Detail from the cover of Yuval Noah Harari’s 21 Lessons for the 21st Century
Everyone in tech loves Yuval Noah Harari. This is cause for concern.
A year and a half ago I reviewed Yuval Noah Harari’s Homo Deus, recommending it to the entire industry with this subhead: “No one in tech is talking about Homo Deus. We most certainly should be.”
Eighteen months later, Harari is finally having his technology industry moment. The author of a trio of increasingly disturbing books – Sapiens, for which made his name as a popular historian philosopher, the aforementioned Homo Deus, which introduced a dark strain of tech futurism to his work, and the recent 21 Lessons for the 21st Century – Harari has cemented his place in the Valley as tech’s favorite self-flagellant. So it’s only fitting that this weekend Harari was the subject of New York Times profile featuring this provocative title: Tech C.E.O.s Are in Love With Their Principal Doomsayer. The subhead continues: “The futurist philosopher Yuval Noah Harari thinks Silicon Valley is an engine of dystopian ruin. So why do the digital elite adore him so?”
The last 24 hours have not been kind to Facebook’s already bruised image. Above are four headlines, all of which clogged my inbox as I cleared email after a day full of meetings.
Let’s review: Any number of Facebook’s core customers – advertisers – are feeling duped and cheated (and have felt this way for years). A respected reporter who was told by Facebook executives that the company would not use data collected by its new Portal product, is now accusing the company of misrepresenting the truth (others would call that lying, but the word lost its meaning this year). The executive formerly in charge of Facebook’s security is…on an apology tour, convinced the place he worked for has damaged our society (and he’s got a lotofcompany).
To fix our society, we have to reimagine the role of government in our lives.
Let’s be honest with ourselves, shall we? We’re in the midst of the most significant shift in our society since at least the Gilded Age – a tectonic reshaping of economic systems, social mores, and political institutions. Some even argue our current transition to a post-digital world, one in which technology has lapped our own intelligence and automation may displace the majority of our workforce within our lifetimes, is the most dramatic change to ever occur in recorded history. And that’s before we tackle a few other existential threats, including global warming – which is inarguably devastating our environment and driving massive immigration, drought, and famine – or income inequality, which has already fomented historic levels of political turmoil.
Any way you look at it, we’ve got a lot of difficult intellectual, social, and policy work to do, and we’ve got to do it quickly. Lucky for us, two major political events loom before us: The midterm elections this November, and a presidential election two years after that. Will we use these milestones to effect real change?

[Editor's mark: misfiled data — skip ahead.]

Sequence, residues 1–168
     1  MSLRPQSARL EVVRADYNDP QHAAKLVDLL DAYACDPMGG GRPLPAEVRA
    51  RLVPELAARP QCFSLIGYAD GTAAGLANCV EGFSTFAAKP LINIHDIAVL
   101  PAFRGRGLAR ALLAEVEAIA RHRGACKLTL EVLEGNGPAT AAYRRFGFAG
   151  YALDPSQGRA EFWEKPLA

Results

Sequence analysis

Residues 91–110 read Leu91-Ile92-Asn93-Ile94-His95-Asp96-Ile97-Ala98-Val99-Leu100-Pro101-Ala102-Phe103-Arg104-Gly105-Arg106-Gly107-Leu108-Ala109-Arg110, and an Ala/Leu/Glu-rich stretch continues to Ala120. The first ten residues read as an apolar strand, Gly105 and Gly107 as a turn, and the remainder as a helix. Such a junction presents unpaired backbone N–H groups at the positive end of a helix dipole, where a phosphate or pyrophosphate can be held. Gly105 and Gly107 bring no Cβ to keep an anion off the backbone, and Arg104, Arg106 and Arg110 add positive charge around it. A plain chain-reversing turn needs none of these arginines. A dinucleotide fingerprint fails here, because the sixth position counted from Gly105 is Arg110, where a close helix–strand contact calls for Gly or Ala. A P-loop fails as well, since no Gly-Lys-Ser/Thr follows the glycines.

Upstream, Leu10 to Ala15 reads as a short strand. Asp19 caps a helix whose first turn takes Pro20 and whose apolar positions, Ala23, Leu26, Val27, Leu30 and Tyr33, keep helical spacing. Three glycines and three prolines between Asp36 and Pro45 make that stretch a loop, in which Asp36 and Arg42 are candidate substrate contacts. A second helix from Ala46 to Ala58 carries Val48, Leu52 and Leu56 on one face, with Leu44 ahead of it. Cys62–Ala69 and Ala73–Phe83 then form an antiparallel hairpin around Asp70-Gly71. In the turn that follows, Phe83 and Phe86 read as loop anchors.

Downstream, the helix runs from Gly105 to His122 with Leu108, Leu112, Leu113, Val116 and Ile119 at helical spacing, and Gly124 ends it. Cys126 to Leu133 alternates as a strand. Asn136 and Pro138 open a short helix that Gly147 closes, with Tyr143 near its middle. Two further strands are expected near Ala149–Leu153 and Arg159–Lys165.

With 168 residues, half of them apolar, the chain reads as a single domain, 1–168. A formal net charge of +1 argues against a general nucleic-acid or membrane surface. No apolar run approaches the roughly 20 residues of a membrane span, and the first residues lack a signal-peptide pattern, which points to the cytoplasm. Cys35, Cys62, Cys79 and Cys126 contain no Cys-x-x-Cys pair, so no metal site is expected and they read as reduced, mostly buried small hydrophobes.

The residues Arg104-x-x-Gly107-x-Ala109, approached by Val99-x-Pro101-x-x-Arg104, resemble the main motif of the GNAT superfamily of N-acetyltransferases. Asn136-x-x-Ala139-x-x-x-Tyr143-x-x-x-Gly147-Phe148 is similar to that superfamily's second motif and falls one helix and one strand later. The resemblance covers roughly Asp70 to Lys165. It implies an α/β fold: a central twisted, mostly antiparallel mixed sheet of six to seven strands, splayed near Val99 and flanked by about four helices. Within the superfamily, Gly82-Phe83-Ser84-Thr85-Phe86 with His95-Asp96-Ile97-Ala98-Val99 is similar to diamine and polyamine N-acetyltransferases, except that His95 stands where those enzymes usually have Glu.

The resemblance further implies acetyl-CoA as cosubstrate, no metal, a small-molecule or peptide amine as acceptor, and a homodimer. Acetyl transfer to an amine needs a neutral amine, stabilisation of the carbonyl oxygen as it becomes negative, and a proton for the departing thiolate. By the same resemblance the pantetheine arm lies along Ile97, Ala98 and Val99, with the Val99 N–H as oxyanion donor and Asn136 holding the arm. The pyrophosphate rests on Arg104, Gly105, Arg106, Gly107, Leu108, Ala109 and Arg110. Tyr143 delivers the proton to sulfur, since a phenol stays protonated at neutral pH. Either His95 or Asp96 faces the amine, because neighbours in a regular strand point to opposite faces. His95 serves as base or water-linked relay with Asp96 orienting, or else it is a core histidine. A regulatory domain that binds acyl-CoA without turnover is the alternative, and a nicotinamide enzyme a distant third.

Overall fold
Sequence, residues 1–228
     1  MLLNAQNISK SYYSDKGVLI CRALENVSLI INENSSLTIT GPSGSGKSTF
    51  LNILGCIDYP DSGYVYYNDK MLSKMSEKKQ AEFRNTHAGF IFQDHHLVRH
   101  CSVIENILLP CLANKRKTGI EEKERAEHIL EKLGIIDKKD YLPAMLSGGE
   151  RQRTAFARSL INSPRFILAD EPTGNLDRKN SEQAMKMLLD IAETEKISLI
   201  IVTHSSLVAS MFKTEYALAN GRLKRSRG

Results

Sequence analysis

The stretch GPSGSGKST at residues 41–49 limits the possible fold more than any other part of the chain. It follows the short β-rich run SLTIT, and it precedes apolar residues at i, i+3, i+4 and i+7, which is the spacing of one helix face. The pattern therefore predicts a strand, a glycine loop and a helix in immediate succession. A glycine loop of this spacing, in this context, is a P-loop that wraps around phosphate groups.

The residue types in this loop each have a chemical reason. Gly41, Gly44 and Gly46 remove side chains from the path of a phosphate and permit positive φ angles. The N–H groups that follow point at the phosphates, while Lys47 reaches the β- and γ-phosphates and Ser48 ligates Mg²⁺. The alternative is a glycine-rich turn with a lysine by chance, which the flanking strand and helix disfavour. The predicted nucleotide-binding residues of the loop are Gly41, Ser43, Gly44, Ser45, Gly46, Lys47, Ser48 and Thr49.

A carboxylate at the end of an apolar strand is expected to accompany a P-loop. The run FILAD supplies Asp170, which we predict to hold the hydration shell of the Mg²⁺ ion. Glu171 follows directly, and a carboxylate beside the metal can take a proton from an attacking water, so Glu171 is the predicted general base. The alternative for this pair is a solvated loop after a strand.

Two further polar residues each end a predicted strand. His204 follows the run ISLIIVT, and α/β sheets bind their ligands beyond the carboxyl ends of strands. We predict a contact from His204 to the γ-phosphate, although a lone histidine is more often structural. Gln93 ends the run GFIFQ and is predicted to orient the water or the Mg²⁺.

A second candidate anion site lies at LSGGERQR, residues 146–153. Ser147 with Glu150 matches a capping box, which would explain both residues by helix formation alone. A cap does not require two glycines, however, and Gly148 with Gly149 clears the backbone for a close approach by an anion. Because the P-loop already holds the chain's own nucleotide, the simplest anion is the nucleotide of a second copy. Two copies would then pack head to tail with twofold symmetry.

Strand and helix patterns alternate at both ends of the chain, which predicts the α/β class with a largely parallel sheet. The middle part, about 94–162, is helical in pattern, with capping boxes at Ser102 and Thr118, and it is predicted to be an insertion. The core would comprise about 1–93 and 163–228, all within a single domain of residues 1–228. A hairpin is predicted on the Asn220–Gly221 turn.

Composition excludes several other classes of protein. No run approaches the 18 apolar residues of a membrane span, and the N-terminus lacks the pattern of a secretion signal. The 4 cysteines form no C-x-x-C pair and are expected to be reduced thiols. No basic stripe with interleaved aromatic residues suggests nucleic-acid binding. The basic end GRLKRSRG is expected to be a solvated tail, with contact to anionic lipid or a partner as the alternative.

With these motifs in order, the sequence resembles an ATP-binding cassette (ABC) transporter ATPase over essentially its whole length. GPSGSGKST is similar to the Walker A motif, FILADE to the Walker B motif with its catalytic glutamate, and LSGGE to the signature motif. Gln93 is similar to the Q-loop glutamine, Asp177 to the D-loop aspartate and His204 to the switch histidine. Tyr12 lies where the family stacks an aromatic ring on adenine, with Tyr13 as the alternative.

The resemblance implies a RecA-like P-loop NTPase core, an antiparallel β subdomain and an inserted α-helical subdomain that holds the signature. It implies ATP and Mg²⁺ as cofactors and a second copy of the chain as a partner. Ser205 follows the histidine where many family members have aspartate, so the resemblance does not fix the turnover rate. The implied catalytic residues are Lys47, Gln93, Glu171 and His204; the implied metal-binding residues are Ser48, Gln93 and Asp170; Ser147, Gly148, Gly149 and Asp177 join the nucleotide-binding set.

Given our current political atmosphere, it’s hard to imagine that we will. I fervently hope that the midterms will provide an overdue check on the insane clown show that the White House has delivered to us so far, but I’ve little faith that the build up to the 2020 Presidential election will be much more than an ongoing circus of divisive theatrics. Will there be room for serious debate about reshaping our fundamental relationship to government? If we are truly in an unprecedented period of social change, shouldn’t we be talking about how we’re going to manage it?
If you pull far enough back from the day to day debate over technology’s impact on society – far enough that Facebook’s destabilization of democracy, Amazon’s conquering of capitalism, and Google’s domination of our data flows start to blend into one broader, more cohesive picture – what does that picture communicate about the state of humanity today?
Technology forces us to recalculate what it means to be human – what is essentially us, and whether technology represents us, or some emerging otherness which alienates or even terrifies us. We have clothed ourselves in newly discovered data, we have yoked ourselves to new algorithmic harnesses, and we are waking to the human costs of this new practice. Who are we becoming?
Seven or so years ago, a famous VC penned a manifesto of sorts. Writing at a time the world was still skeptical of the dominance to which his industry has now ascended (to think, such a time existed, and so few years ago!), Marc Andreessen had a message for the doubters, the naysayers, and the Wall St. analysts who were (credibly!) claiming that his investments amounted to not much more than a bubble:
Seven years later, no one can dispute Andreessen’s prescience. The man was right: If you had purchased a basket of his favorite stocks back then – he name-checked Apple, Amazon, and Facebook directly – you’d be up at least 10X, if not more. Software, it seems, has indeed eaten the world, and those smart (and rich) enough to put money into technology, as Andreessen has been, have done very, very well for themselves.
Why would a god descend from the heavens to participate in the turmoil of politics? It wasn’t to ‘stand for something’ as a brand, it’s because large scale attention can no longer be bought.